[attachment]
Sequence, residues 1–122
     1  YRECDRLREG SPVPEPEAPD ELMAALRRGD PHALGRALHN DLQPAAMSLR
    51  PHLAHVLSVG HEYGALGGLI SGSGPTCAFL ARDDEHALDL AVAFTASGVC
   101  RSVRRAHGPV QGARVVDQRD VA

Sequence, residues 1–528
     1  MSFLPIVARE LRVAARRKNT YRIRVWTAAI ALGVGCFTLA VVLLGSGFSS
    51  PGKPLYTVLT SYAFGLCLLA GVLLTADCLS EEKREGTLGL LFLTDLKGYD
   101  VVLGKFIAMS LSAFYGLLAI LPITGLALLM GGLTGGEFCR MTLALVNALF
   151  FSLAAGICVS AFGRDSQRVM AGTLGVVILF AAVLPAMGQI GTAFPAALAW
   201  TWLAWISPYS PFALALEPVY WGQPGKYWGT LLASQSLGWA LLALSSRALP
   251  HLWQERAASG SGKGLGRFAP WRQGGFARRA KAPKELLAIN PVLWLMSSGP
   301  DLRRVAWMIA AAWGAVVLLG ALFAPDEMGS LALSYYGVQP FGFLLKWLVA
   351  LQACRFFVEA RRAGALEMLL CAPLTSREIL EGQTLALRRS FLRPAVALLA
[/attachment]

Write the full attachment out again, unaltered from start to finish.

Sequence, residues 1–122
     1  YRECDRLREG SPVPEPEAPD ELMAALRRGD PHALGRALHN DLQPAAMSLR
    51  PHLAHVLSVG HEYGALGGLI SGSGPTCAFL ARDDEHALDL AVAFTASGVC
   101  RSVRRAHGPV QGARVVDQRD VA

Sequence, residues 1–528
     1  MSFLPIVARE LRVAARRKNT YRIRVWTAAI ALGVGCFTLA VVLLGSGFSS
    51  PGKPLYTVLT SYAFGLCLLA GVLLTADCLS EEKREGTLGL LFLTDLKGYD
   101  VVLGKFIAMS LSAFYGLLAI LPITGLALLM GGLTGGEFCR MTLALVNALF
   151  FSLAAGICVS AFGRDSQRVM AGTLGVVILF AAVLPAMGQI GTAFPAALAW
   201  TWLAWISPYS PFALALEPVY WGQPGKYWGT LLASQSLGWA LLALSSRALP
   251  HLWQERAASG SGKGLGRFAP WRQGGFARRA KAPKELLAIN PVLWLMSSGP
   301  DLRRVAWMIA AAWGAVVLLG ALFAPDEMGS LALSYYGVQP FGFLLKWLVA
   351  LQACRFFVEA RRAGALEMLL CAPLTSREIL EGQTLALRRS FLRPAVALLA